How Parents Should Deal With School Bullying

Bullying. Unfortunately, this problem seems to be growing in schools these days. Fortunately, more schools are becoming more adept at handling the problem.

What should a parent do when her child comes home from school in tears as a result of a bully? The bully doesn’t have to be using physical force to pick on another child; words can cut just as deep and hurt just as much. What if it is your child who is the victim of the bully?

First, if your child shares with you what is happening at school, feel so grateful. A lot of children who are victims to bullying often do not share their hurt or fright with their parents. So, if your child openly admits to being bullied, remind him how proud you are of him for even telling you what is occurring.

Second, let your child know that you need to contact the school. This is essential in helping to stop the bully in his or her tracks. The school must be notified and you need to insist that something be done to stop the bullying. I say that you should insist, because there are certain schools that would still sweep this problem under the rug and not deal with it. Every school should have a bullying policy. If not, you need to speak to your board of education and ask why. Regardless, you need to insist that the school handle the problem at school.

Third, as a parent you need to talk to your child about bullying. So your child is a victim of a bully, discuss it and work together on skills to use if the bullying happens again. As a parent you should be teaching your child that if a bully approaches him or her, to simply tell the bully to stop and then walk away. Nothing else. To try to reason with or talk back to a bully simply tells the bully that your child is feeding into what he is saying or doing. It gives the bully the power. If your child tells him to stop and walks away with his head held high, your child takes the power from the bully and puts it on himself. Your child has the power in this situation. Teach this to your child; practice it with him. The more he knows how to respond, the better.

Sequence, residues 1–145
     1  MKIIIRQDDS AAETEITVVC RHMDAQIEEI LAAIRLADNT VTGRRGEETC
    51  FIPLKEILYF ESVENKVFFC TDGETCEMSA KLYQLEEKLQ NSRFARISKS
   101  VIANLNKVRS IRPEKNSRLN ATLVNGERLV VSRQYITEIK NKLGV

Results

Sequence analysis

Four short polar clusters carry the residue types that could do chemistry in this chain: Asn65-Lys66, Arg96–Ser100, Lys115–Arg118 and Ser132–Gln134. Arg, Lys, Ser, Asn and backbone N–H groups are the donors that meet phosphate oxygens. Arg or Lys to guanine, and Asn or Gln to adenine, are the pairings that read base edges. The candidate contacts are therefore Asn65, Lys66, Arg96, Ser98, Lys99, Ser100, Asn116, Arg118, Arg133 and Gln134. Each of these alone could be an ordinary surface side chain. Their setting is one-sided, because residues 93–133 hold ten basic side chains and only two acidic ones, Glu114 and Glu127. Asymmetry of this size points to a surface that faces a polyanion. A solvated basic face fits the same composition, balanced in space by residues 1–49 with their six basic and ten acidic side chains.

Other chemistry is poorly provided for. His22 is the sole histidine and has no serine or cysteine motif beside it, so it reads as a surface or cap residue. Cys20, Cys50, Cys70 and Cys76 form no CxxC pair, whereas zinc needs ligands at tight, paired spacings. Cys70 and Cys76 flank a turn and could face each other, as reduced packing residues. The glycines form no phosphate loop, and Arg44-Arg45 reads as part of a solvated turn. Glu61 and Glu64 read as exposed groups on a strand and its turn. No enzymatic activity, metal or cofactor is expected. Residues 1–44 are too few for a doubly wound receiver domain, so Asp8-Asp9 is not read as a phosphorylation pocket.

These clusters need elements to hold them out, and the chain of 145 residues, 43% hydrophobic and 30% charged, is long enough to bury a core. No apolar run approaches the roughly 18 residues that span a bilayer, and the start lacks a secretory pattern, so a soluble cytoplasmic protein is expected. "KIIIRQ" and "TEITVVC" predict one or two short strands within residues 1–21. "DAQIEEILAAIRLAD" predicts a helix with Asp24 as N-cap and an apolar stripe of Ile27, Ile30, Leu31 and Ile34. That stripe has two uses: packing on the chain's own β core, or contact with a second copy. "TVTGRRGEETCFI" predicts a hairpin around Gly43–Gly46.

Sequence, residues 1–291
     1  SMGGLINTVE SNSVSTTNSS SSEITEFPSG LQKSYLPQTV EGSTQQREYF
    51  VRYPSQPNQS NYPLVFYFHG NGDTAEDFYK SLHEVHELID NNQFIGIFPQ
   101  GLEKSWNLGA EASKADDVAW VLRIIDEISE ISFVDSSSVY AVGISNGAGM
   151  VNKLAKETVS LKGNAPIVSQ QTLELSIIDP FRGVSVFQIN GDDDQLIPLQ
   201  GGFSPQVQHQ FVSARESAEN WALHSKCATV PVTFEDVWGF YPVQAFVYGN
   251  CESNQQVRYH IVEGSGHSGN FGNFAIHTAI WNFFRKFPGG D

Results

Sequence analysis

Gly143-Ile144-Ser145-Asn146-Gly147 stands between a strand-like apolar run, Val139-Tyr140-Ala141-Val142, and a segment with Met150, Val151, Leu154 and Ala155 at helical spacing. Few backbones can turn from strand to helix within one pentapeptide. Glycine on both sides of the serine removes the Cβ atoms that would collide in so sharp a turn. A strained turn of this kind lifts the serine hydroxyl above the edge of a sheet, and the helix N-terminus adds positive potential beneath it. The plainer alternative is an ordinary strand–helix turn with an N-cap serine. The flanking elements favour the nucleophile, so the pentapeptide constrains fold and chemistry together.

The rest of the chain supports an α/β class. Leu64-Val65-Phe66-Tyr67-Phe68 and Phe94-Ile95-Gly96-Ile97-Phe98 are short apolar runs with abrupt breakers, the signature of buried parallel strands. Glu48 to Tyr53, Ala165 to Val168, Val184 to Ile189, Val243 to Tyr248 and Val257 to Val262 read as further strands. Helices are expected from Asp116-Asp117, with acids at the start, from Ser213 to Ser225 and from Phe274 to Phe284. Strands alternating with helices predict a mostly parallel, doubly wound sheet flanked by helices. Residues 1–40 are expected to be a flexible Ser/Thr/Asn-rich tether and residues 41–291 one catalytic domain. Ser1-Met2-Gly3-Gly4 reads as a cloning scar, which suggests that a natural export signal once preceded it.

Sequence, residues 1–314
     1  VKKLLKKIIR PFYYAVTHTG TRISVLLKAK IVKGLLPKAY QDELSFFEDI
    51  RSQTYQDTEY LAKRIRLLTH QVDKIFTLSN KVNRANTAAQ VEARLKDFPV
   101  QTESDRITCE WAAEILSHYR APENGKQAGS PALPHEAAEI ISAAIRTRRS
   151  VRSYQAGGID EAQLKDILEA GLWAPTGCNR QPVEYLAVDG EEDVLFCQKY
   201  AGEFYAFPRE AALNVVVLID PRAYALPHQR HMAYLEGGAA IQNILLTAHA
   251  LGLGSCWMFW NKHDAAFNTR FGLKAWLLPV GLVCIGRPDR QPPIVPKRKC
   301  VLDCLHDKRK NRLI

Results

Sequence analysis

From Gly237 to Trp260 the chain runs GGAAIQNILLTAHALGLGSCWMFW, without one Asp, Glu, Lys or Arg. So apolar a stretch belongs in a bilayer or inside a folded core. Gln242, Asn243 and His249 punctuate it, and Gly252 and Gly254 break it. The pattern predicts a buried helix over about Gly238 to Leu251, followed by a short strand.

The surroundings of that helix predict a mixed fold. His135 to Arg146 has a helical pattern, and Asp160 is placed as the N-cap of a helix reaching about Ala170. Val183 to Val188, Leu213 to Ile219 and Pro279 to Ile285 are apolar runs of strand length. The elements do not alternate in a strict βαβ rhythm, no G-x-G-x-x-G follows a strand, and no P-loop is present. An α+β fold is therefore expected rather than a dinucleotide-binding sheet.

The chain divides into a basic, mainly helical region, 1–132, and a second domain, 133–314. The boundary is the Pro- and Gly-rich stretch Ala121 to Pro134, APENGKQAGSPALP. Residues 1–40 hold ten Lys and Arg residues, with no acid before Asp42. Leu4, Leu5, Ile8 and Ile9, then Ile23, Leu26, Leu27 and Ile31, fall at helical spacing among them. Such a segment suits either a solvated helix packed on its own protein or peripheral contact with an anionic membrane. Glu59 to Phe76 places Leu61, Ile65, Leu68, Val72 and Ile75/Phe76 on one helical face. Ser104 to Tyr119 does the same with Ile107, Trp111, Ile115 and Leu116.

After your child walks away from a bully, teach your child to tell an adult, especially an adult at school. Your child will hopefully always tell you about the issue, but he should most definitely let the staff at school know. School staff should have a bully plan in place to help deal with it. I will discuss what schools should be doing tomorrow in my blog.

Being bullied at school can lower a child’s self-esteem and may even run much deeper than that. I can’t stress enough how important it is for a child who is bullied to have support from home and school. A parent is the best advocate for their child. If you feel your child’s bullying at school isn’t being handled correctly, say something. Speak up, but do it in a calm and reasonable fashion. Children need to feel safe at school, both physically and emotionally. As a parent we need to teach the skills to handle bullying situations, we also need to hold the school accountable for stopping the bullying before it leads to something much worse. Tune in tomorrow for what schools should be doing to prevent bullying.